Wednesday, 3 March 2010

The IAB Roadshow

An enjoyable day was had today as the Internet Advertising Bureau (IAB) rolled into town. The venue was Bournemouth University and the name of the event, "IAB Digital Talent Roadshow". Key speakers included Kieron Matthews from the IAB, Sam Michel from Chinwag, May Race from the COI, Natasha Spencer Warren from Mindshare and Nick Turner from AKQA. Andy Oakes from New Media Age also spoke and was decent enough to fork out for drinks after.

There were a number of highlights, and Nick's account of the lengths wannabe creatives will go to gain the attention of potential employers was certainly illuminating (if not a little frightening for Nick!). This involved stalking across various social media channels and the obtaining of quite personal information so as to direct Nick to a video message most creatively and amusingly delivered. Discussion of social media and reputation management proved a key theme for the day. As Mark Zuckerberg relatively recently mentioned, privacy as a social norm is undergoing a significant rethink. Potentially a somewhat disturbing trend when seen through the guise of peer surveillance, it isn't without its funny side as Nick highlighted with a video from The Onion in his presentation:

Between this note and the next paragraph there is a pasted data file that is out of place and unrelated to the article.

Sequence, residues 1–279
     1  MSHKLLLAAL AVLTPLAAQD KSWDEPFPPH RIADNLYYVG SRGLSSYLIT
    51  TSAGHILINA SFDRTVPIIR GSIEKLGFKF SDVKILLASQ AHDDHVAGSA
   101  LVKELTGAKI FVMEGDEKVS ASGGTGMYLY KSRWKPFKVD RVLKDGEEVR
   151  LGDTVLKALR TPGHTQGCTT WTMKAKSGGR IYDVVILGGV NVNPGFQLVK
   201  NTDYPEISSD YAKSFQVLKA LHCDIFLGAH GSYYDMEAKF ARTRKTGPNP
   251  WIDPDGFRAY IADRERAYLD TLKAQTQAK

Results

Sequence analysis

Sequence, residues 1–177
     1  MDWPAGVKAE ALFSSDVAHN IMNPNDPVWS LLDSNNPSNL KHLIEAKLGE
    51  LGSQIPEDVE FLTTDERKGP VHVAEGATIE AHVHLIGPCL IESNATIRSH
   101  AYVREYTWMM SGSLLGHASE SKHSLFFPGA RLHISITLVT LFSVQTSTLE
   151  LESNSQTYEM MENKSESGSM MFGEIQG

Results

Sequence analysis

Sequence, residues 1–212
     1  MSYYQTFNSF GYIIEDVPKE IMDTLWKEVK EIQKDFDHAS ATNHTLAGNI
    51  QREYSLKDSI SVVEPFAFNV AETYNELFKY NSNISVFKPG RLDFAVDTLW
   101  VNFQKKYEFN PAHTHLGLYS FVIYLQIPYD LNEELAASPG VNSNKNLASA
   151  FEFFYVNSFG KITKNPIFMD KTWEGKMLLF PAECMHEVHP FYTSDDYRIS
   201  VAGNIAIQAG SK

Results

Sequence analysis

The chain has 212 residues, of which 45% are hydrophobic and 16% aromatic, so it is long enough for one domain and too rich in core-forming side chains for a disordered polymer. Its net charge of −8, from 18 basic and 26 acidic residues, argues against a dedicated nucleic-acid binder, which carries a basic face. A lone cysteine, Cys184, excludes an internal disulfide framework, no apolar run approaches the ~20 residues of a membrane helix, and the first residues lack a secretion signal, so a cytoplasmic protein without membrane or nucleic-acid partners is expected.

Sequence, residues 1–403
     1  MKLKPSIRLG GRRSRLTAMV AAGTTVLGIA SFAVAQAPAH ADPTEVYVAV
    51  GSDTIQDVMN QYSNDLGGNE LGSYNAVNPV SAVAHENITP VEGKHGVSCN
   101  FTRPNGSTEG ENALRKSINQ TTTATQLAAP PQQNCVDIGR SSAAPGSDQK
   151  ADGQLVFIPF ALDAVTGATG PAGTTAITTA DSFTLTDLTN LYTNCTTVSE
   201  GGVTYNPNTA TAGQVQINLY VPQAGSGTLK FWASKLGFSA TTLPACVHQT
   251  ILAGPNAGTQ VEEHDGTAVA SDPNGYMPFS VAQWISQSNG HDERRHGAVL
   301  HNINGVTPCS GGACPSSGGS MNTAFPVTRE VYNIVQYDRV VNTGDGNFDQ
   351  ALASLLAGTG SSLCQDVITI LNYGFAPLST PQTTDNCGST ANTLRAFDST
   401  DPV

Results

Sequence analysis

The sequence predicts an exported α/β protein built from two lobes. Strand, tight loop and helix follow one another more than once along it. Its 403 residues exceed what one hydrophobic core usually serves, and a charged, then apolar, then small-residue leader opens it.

Kieron also reinforced the social media message urging students, in true Web 2.0 fashion, to be part of the conversation and to "be digital". Andy, Sam and Kieron also had tales to tell of why students and agency employees should be mindful that what is posted and said on Facebook and Twitter pages can come back to haunt both sooner and later. The primacy of search was underlined as a hot area for potential graduates, not without significant rewards for students interested in learning the arts of optimisation. Whilst none of this is revelatory, the need from industry for digital specialists is there and jobs do exist for graduates with savvy who are willing to go that extra distance.

No comments:

Blog Archive

My photo
I am director of the Media and Persuasive Communication (MPC) network at Bangor University where I also lecture on political-economy of the media. I am currently working on a book provisionally titled Deconstructing Privacy for Peter Lang and leading two empirical projects in connection with privacy perception and the use of new media for smoking cessation. I am author of Creativity and Advertising: Affect, Events and Process (Routledge, 2013); The Mood of Information: A Critique of Behavioural Advertising (Continuum, 2011); and Digital Advertising (Palgrave-MacMillan, 2009). Please contact me at if you are interested in Ph.D supervision or consultancy services.